"'I couldn't have waited any longer to have surgery because the lump was growing,' Lopez said.

"Lopez said she tried to contact her human resources director after receiving the letter to let him know that she was still under doctor's care and had not yet started radiation therapy.

"'He never returned my calls,' Lopez said.

"'I lost all my benefits,' she said. 'I didn't qualify because I had not worked for them for 90 days.'

"Lopez was allowed 12 weeks off as part of the Family Medical Leave Act, but was still under a doctor's care after those benefits ended.

"'I had just finished my chemotherapy and they sent me a letter telling me I had to return to work by July 25th or they would terminate my job,' Lopez said. 'I couldn't go back yet. I couldn't stand, and you have to stand from 8 to 16 hours at the toll booth. They have stools, but they tell you not to use them.'"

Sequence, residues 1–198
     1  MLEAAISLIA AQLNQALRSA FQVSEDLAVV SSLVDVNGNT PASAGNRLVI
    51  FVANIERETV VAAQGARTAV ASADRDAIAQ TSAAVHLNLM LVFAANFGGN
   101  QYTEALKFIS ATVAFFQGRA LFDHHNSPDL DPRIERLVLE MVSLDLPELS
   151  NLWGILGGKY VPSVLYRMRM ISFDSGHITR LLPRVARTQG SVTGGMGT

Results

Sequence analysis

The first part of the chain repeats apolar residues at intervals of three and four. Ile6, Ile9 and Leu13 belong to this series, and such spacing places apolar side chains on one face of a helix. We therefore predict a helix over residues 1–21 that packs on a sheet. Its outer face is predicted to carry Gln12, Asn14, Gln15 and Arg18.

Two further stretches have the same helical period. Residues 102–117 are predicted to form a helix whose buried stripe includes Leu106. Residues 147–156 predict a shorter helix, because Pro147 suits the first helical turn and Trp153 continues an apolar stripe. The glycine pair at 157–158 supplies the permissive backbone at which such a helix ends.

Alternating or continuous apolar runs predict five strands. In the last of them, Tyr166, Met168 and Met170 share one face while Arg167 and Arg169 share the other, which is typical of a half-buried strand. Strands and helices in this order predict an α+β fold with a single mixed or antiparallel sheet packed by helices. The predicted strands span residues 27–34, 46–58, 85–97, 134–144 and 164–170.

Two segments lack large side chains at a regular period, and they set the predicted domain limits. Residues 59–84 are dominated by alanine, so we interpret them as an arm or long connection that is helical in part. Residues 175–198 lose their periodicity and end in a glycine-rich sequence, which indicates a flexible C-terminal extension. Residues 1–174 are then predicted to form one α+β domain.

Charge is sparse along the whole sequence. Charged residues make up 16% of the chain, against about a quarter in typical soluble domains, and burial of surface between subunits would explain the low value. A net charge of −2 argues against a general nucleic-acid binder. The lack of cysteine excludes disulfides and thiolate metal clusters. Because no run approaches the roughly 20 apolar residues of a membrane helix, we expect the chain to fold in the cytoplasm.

State Action: Should We Lower Our Flags When A Hoosier Dies In Combat?

AmericanflagDo you think Indiana should should lower its flags when a Hoosier is killed in the line of duty? USA Today reports that 28 states automatically do.

"States that don't lower the American flag often honor fallen troops in other ways. New Mexico, for example, lowers its state flag.

"According to spokeswoman Jane Jankowski, Indiana Gov. Mitch Daniels has attended funerals for all guardsmen killed in the Middle East and has penned notes to fallen troops' families. He also visited troops last year in Iraq and Afghanistan. Indiana, however, does not lower the flag for those from the state killed in action.